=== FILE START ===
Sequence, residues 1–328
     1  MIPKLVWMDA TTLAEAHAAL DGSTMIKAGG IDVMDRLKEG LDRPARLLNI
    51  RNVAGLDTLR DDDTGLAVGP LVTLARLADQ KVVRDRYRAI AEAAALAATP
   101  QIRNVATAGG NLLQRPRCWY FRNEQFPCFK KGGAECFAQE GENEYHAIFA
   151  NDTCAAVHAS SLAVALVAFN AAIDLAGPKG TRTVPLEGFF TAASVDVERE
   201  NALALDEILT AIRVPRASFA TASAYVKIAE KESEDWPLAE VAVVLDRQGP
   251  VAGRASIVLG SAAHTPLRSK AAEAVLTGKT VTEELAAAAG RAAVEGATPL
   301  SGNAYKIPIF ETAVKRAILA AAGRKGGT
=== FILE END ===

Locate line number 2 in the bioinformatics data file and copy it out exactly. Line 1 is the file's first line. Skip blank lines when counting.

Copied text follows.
     1  MIPKLVWMDA TTLAEAHAAL DGSTMIKAGG IDVMDRLKEG LDRPARLLNI